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Facebook generation: clicking 'like' won't solve America's problems

Will the Facebook generation step up to confront America’s urgent challenges, from soaring debt to energy?

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Will capitalism exist in the United States? Which entity will control Wall Street? Why is my generation apparently satisfied with the status quo? We must radically shift our expectations: pursuing deep space exploration, inventing weapons to make nuclear devices obsolete, eliminating genetic maladies, and harvesting energy from sources we have yet to imagine.

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Our most eminent young engineers, writers, bankers, and intellectuals have an opportunity to apply their energy toward the challenges of a new world. This is not a fanciful whimsy; Google, possibly the most notable technology of the last 15 years, was created by Larry Page and Sergey Brin before they reached the ripe old age of 26.

One hundred seventy-five years ago, Manifest Destiny was the clarion call for westward expansion and was the trigger for a mind-set of exploration, risk, and the hope for a better America. In the 20th century, World War II set the stage for American world dominance, the nose-to-nose confrontations with Communism, and the intellectual groundwork that would create a technological explosion of information in the latter half of the century.

Our firm grasp on information technologies and the power we wield with that weapon could be the cornerstone of this generation’s legacy. As the challenges of the 21st century become clearer, it’s time my generation stopped asking “When?” or “Who?” and started answering “Now” and “Me.”

Motivation is rooted in presentation. We tend to ignore abstract problems, but we do respond quickly to matters of survival and to big opportunities. Many of today’s most pressing challenges – terrorism, energy security, climate change, uncontrolled debt – fall into both categories, so today’s generation could be stimulated to action.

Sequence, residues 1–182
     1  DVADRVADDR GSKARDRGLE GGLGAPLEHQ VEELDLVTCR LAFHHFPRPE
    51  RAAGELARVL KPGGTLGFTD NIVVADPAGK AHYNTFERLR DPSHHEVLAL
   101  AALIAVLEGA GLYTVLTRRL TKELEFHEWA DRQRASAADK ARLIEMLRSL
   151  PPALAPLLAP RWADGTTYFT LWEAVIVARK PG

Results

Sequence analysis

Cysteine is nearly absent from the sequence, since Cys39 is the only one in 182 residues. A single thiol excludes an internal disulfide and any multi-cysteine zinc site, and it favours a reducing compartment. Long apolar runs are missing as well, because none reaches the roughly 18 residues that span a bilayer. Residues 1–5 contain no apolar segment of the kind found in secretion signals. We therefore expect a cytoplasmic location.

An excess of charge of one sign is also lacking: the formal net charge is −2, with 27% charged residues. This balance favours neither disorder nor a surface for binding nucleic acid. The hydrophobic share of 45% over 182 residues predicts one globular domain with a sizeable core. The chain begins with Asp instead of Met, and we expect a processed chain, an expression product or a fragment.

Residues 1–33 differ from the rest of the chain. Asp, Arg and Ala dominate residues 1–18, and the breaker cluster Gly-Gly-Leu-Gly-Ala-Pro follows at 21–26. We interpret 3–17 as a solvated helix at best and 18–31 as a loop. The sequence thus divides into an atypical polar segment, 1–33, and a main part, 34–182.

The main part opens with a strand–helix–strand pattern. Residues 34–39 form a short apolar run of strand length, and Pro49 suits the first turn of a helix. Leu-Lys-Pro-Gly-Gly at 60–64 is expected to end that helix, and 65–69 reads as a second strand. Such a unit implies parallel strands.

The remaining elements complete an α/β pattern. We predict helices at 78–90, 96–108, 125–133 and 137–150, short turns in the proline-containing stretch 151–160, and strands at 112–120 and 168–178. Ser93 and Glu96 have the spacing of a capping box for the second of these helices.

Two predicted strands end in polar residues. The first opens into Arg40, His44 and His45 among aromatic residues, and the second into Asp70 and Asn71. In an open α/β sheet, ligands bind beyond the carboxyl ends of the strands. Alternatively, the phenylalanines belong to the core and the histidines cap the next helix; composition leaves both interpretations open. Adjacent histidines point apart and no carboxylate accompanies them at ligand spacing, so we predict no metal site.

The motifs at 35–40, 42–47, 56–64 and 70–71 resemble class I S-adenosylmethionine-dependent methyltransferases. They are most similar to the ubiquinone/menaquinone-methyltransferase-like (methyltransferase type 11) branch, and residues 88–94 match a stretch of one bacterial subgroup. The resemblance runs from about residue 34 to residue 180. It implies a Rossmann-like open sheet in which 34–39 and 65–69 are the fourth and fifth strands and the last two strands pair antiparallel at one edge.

One looming challenge is the bankrupt legacy of Social Security. Just this year, the program started taking in less revenue in taxes than it pays out in benefits. Its unfunded liability now stands at $7.7 trillion. Our parents’ generation has passed the buck to us. What if we immediately discontinued the program for everyone under the age of 70? Would such an idea cause short-term suffering? Yes, but more critically, would it spur long-term innovation? Would it compel us to relearn the art of savings, the definition of community compassion, and the concepts of capitalism anew?

This is just one idea. We require a host of initiatives across all fields if we are to break the status quo.

My generation can either choose to wrench the mantle of responsibility from the shoulders of the lawmakers and power brokers in control, or we will reap the consequences of another generation’s actions for years to come.

A world that desperately needs courageous, ingenious, long-term thinking is counting on us. Will you step up?

Nathan Fisk is a small-business and political consultant living on the Front Range of Colorado. Contact the writer at